How to tackle numerical reasoning tests

Numerical reasoning tests can seem pretty daunting if you haven't done maths in a while, so here's how you can prepare to ensure you get the best score.
Kim Connor Streich
Kim Connor Streich
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Based on students’ fear of them, you’d think numerical reasoning tests were the devil himself. But I promise you, they aren’t so scary and you’ll be better prepared than you think.

The reason they’re feared so much is because (unless your degree directly involves maths) you likely won’t have done any maths calculations for years. Percentages, what are those again? The important thing to remember is that, even if your maths is a little rusty, you’ll pick it up again quickly. Plus, this is maths in context. Not random equations and square roots, but analysing graphs and data as you would in the workplace.

And there’s no better time to brush up on your number skills than for the launch of Debut’s very own in-app Numerical Reasoning assessment. Just head on over to the Abilities tab to take the test – and start getting Talent Spotted for more than your degree. Before you begin, take a look at some of our top tips to help you get the best score possible.

Read the question

read the question in numerical reasoning

I know I know, I sound like your year 8 maths teacher. But honestly, as soon as you’re faced with graphs and tables and data, it’s really difficult to resist the urge to immediately start plugging numbers into your calculator before you even know what you’re supposed to be doing.

Just remember to take a deep breath, read the question slowly, and be absolutely sure of exactly what it is you’re trying to work out.

And the answers

If it’s a multiple choice question, read the potential answers first. This will help guide you when you’re working out the actual answer. You won’t just be taking a stab in the dark, you know it’s one of 3 or 4 options, so allow these to direct you towards the right one.

Top Tip: Always be careful when it comes to units. You might be presented with two similar options, say, 473 and 473,000, which might catch you out if you don’t know the units of data in a table or graph. Look out for the small print which says that the data is actually ‘in hundreds of thousands’.

Don’t forget your calculator – and your notepad

calculator for numerical reasoning

Most numerical reasoning tests will encourage you to use a calculator and notepad, so don’t forget to make use of them. It can seem silly, but try and use your calculator as much as possible, even for the little sums. Human error can happen, and you don’t want to lose points on silly mistakes.

Top tip: Also, make sure you’re using a calculator you’re familiar with. The last thing you want is to press the wrong button on that scientific calculator you borrowed and not have a clue what you’ve done. Make sure you’re using something you’ve used plenty of times before.

Learn the jargon

Numerical reasoning tests place numbers in business contexts and often use language that you might not have come across before, if you’re not studying a business related subject at uni. You’ll likely see things like ‘Market Share’, ‘Market Growth’ ‘Capital Reserves’ ‘Revenue Reserves’ etc. and although it might be possible to complete the question without knowing exactly what these all mean, it’ll help if you at least have a bit of understanding.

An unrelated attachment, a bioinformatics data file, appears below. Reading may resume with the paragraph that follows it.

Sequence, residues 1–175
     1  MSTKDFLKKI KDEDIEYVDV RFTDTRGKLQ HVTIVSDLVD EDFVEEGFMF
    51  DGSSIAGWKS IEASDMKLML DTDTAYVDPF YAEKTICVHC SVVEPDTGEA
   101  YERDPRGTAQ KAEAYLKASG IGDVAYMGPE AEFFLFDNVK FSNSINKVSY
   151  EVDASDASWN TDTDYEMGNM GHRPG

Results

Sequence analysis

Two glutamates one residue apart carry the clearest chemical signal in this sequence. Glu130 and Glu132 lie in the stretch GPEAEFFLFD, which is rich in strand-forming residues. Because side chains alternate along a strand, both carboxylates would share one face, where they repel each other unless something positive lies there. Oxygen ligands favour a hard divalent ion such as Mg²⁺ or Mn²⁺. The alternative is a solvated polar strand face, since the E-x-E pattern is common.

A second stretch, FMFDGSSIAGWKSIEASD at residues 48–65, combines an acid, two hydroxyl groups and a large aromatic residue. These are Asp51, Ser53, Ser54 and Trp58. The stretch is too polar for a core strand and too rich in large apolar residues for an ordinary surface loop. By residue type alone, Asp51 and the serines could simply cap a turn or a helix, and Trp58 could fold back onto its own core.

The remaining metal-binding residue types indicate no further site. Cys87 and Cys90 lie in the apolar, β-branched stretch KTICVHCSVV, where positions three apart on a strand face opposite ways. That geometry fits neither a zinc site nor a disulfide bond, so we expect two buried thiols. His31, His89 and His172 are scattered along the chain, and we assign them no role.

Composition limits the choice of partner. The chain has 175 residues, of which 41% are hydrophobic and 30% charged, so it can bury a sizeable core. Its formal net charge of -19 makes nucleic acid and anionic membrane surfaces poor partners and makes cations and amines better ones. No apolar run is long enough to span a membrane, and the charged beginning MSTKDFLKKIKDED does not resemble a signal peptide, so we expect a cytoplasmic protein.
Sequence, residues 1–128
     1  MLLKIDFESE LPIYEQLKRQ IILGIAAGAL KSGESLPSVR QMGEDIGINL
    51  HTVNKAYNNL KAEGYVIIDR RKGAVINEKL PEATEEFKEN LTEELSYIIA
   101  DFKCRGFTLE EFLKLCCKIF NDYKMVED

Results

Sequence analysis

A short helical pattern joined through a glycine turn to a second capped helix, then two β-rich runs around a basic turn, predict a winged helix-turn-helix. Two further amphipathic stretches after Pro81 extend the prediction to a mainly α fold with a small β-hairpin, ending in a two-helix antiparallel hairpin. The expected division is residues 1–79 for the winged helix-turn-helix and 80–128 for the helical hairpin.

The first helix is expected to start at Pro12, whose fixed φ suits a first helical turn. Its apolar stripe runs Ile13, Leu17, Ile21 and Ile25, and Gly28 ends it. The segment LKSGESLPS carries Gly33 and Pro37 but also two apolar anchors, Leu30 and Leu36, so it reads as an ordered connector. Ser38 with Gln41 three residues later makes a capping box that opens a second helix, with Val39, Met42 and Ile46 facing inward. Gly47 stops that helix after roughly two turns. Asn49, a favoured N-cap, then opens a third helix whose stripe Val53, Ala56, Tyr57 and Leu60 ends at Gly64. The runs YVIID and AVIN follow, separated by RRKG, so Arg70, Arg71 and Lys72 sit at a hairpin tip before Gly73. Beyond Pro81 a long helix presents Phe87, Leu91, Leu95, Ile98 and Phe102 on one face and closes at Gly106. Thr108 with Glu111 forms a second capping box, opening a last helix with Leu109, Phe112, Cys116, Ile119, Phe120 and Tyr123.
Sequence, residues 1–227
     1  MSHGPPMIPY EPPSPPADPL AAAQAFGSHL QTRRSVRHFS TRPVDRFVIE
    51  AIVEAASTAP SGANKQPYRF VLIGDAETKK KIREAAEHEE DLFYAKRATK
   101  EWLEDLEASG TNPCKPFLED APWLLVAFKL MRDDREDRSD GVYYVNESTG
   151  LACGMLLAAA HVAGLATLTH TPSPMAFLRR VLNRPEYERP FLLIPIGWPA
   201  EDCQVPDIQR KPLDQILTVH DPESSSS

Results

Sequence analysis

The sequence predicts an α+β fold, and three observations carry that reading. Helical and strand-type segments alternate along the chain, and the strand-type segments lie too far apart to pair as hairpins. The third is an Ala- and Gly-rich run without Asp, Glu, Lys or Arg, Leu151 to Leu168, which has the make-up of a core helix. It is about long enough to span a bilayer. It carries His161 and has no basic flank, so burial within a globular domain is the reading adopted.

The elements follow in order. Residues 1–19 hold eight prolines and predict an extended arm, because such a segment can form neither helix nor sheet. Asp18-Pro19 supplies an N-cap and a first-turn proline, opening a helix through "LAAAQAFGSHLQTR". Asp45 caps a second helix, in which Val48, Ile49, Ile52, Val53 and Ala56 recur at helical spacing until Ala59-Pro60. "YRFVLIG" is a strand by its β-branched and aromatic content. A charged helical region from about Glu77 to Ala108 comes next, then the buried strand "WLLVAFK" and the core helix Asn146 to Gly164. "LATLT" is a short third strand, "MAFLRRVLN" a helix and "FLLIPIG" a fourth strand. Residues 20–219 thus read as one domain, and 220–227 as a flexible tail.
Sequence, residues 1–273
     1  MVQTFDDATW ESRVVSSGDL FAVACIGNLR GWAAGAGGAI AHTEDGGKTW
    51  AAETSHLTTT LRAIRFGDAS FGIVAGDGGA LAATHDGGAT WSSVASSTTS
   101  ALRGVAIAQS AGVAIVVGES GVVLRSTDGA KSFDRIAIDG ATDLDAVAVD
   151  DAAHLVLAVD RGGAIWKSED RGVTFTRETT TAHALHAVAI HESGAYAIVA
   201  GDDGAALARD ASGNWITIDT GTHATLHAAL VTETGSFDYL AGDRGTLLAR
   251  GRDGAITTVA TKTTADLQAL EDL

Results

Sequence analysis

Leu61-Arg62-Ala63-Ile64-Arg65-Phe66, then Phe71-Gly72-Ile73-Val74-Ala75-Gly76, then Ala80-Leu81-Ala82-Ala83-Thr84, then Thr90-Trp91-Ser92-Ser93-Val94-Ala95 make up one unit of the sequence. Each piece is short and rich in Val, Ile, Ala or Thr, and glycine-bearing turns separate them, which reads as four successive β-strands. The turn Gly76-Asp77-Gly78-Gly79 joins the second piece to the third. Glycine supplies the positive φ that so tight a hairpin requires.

Do some practice tests online, and read some business publications like the Financial Times or The Economist to get yourself comfortable with the language.

Refresh yourself on percentages

maths for a career in business

If there’s one thing that I can *almost* guarantee you’re going to come across, it’s percentage increase and decrease. And unless your degree asks you to, it’s unlikely you’ve done a lot of this recently.

So find some practice questions online and set some time aside to complete them. Once you’ve got the process down, and you can calculate a percentage increase in double quick time, you’re ready to go.

Get comfortable with graphs and tables

Along with the jargon, if you haven’t set your peepers on a graph since year 9 SATS, you might want to refresh your memory of X and Y axis. Get used to reading data from tables and graphs, and you’re a lot less likely to freak out when you see them in a numerical reasoning test. Remember, a large part of your overall result will be determined by how quick you are. You can drastically increase your speed simply by being accustomed to reading and understanding data in this way.

Get your timings right

As I mentioned, Numerical Reasoning test results are most often divided between speed and accuracy (As is the test on Debut). This means you need to be quick – but there’s no point in being quick if you’re going to get all the questions wrong. You want to aim to spend around one minute on each question.

This can be roughly broken down into:

10 seconds reading and understanding the question

15 seconds reading and analysing the data presented

30 seconds answering the question

10 seconds to check your answer

Don’t worry if you can’t keep track of your timings during the test (you should be focusing on the question anyway). As long as you know you’re able to hit these speed roughly, you should be fine.

And there you have it! Doesn’t seem so scary now right? As long as you’re prepared and know what to expect, you’ll absolutely smash it and make yourself super employable in the process. And if you haven’t already, head on over to the Debut app to complete our numerical reasoning test – and get more Talent Spots!

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